On this yoga day, here is the list of sportspersons who are avid practitioners of yoga.
Basketball icon Kareem Abdul-Jabbar was perhaps the first high-profile American athlete to embrace yoga. The man with numerous NBA records to his name, including owing eight play-off records and seven All-Star records, says he was able to play until the age of 42 because of his zeal for yoga.
The man with a record six-time NBA MVP titles, first discovered yoga when studying in high school in 1961, and says he was drawn to the emphasis on suppleness, concentration and breathing. His interested in yoga grew while a college student at UCLA, where he read more on it and made it a part of his training regime. “Basketball is an endurance sport, and you have to learn to embrace your breath. That’s the essence of yoga,” he was quoted as saying by relaxandrelease.com. “As preventative medicine, yoga is unequalled. Once I started practicing yoga, I had no muscle injuries during my career.”
The three-time NBA championship winner in 2009 first revealed that he practiced yoga, following lower-back problems during his first stint with the Cleveland Cavaliers. “Yoga isn’t just about the body, it’s also about the mind, and it’s a technique that has really helped me,” he said in an interview then. In 2011, while with the Miami Heat, James again created yoga for his incredible stamina, stating that his off-season time on the mat made him feel rejuvenated. “Does it work for everybody? I don’t know. But it works for me,” said the man known as The King.
The cricketing legend paid rich tributes to BKS Iyengar, who was credited with doing much to take the ancient practice to the West, following his death at the age of 95 in 2014, saying that practicing his asanas had helped him a lot in his illustrious career. “My first detailed interaction with Guruji was way back in the year 1999, when Kiran More introduced me to him for a backache which was giving me much trouble. His serene, light hearted approach struck me and I spent a week under Guruji’s care. I will always be thankful for the wonderful asanas he taught me. Practicing those asanas helped me a lot throughout my career,” said Tendulkar.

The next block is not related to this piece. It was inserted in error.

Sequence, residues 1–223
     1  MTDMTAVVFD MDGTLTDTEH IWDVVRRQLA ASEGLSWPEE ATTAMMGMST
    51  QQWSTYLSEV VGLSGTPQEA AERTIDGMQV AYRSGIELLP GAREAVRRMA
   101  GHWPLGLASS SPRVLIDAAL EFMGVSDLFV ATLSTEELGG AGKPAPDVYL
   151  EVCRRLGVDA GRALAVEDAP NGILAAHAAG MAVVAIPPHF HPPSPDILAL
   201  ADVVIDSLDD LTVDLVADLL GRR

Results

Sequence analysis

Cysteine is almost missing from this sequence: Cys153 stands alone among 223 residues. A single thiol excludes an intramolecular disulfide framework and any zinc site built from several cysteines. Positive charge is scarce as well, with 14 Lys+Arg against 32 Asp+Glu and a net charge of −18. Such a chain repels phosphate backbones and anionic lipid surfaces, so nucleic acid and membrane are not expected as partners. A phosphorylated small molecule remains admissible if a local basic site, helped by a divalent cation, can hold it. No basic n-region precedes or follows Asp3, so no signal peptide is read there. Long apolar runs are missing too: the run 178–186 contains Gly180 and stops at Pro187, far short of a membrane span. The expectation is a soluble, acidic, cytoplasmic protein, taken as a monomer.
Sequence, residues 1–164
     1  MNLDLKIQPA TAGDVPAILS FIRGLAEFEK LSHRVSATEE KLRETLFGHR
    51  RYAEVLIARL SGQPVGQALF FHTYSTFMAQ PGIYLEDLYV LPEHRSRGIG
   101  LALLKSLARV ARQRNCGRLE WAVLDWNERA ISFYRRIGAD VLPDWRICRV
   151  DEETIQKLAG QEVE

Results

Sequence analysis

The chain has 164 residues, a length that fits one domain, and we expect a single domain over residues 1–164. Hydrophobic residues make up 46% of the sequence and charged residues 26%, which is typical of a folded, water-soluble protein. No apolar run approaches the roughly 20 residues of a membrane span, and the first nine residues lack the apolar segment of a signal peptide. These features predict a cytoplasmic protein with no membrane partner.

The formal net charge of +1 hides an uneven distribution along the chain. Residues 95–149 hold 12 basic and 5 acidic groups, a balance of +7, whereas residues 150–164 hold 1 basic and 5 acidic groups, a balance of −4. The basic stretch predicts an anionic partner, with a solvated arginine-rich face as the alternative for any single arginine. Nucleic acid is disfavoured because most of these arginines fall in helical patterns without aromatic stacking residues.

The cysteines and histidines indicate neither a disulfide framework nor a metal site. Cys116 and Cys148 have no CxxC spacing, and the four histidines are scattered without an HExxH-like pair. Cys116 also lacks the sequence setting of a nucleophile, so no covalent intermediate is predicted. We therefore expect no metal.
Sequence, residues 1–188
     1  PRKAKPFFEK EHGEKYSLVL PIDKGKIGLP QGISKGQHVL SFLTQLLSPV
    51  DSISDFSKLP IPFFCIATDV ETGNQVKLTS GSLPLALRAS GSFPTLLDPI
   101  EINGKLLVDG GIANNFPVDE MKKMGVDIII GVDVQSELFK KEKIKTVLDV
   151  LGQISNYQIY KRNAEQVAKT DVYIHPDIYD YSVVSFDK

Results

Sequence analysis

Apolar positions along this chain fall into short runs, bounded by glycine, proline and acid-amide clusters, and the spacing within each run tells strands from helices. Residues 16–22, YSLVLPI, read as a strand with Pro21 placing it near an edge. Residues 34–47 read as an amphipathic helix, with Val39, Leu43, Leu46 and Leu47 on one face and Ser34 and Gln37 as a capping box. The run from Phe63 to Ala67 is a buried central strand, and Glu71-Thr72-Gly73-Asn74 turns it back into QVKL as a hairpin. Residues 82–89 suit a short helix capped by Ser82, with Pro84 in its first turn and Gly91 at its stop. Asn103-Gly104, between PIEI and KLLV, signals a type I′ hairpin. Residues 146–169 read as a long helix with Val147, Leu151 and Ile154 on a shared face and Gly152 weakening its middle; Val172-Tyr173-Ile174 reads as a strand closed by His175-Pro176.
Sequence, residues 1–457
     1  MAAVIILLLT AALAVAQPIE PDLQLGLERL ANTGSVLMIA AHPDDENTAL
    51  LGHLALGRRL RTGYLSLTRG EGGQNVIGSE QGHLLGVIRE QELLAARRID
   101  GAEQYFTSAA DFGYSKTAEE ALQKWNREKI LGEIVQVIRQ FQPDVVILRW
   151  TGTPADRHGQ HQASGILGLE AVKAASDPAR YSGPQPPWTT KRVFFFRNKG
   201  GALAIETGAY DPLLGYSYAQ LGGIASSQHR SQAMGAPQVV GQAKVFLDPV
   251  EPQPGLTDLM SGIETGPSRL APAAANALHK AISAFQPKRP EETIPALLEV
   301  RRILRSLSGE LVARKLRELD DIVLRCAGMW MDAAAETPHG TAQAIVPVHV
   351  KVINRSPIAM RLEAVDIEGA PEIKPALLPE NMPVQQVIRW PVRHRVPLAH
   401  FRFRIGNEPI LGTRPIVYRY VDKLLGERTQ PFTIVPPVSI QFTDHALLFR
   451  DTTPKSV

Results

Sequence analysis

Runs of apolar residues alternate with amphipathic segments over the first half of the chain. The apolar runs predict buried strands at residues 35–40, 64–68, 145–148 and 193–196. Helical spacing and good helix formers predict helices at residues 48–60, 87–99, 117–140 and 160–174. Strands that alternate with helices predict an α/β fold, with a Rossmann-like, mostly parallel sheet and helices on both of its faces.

The retired Australia opener took to yoga during his team’s tour of India in 2004, making a visit to Pune’s Iyengar Yoga Institute. While there, Langer spent time with Iyengar who identified a weakness in his posture and helped him with lower back and shoulder problems. Of his time with the yoga icon, Langer said: “He was extraordinary, a real inspiration to me. I was blown away by what he was able to do with me.”
The Delhi, Sunrisers Hyderabad and India opener have for several years been a yoga practitioner, and in 2013 admitted to it being helpful in his comeback to the Indian team. Dhawan has been known to practice it for an hour or two a day to increase his concentration levels. The man who trained Dhawan is Delhi-based Manoj Kumar, who has also worked with Zaheer Khan, Harbhajan Singh and Yuvraj Singh.
The 12-time Grand Slam winner is another famous sportsperson who has benefited from yoga and who has made it part of his core training.
Canadian Olympian and World Cup football player Kara Lang – who at 15 became the youngest member of the women’s national team – is another regular practitioner. She has spoken of how yoga has helped prevent injuries and improved her breathing techniques.
In 2016, retired Germany and Arsenal goalkeeper Jens Lehmann revealed that he had introduced a yoga teacher to the famous English football club while citing the discipline as one of the main reasons he played professional football into his 40s. “When I came here in 2003 my wife went to yoga and took me there. I thought it was really good and I’ve done it once a week since. When I left in 2008 I was in much better condition than when I arrived but that was also down to a different training routine and gym exercises,” he says.
The NFL superstar widely acknowledged as the greatest Baltimore Ravens player of all time has spoken of how yoga helped him remain in the sport for 17 years. “I do it for a lifestyle, and that’s a better motivation. If you’re gonna be training for a lifestyle and to be a man, then you try all these different things. I do like an hour and a half classes,” he said.